“We have always empowered our trading desks to do that so we have to be responsive to the market, we have to look for the opportunities when they present themselves – we take advantage of those,” says Lillard. “So to the extent you would say that makes us act more as a liquidity provider to the market absolutely, I am ready to buy and sell securities all the time.”
Another needed change is the accessibility of markets. A point being discussed in the US treasuries and credit markets is the potential for investment managers to begin accessing interdealer markets. Currently these are restricted to sellside firms, proprietary trading firms and certain hedge funds. Gaining entry has long been a political issue for the market operators as dealers see this as disintermediation, yet traders have reported several plans by interdealer brokers to open up to buyside trading.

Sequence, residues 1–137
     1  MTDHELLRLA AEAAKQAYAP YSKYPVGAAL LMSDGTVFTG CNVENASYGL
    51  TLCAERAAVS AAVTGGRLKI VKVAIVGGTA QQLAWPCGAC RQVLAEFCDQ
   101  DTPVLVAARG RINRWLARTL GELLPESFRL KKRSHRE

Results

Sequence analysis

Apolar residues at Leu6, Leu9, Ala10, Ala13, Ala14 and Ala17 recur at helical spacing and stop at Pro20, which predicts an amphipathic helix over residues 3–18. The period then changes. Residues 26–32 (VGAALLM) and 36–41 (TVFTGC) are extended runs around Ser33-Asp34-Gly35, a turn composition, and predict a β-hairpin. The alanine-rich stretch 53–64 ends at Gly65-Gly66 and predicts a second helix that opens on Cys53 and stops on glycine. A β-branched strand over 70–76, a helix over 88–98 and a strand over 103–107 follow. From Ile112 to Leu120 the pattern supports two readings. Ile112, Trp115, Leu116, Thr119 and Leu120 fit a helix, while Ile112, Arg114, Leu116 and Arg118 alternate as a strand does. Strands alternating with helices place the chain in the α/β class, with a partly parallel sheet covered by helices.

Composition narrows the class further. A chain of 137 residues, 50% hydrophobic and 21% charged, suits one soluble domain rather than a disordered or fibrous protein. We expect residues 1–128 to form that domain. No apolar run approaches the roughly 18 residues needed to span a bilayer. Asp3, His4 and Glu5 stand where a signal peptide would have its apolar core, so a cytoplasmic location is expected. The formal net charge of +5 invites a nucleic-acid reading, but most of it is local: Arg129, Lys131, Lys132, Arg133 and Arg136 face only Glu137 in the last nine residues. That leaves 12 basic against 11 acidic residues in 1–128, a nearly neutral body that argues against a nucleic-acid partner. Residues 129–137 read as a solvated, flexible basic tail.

One option being explored in order to avoid the political problem is the use of a sponsored access model. In many exchange-driven markets, such as equities and futures, dealers provide a ‘pipe’ to the trading venue for clients, with certain pre-trade risk checks required to ensure the market rules are not broken. This allows the brokers to remain a conduit, albeit on a sub-agency basis.
Existing market operators are delivering new ways to match buyers and sellers. Tradeweb has introduced actionable axes for credit, exchange traded funds and government bonds, with the axes being displayed on Tradeweb or sent to order management systems (OMSs). By 1 June 2016 the firm reported the number of clients using its axe functionality had increased by 131% since the start of the year.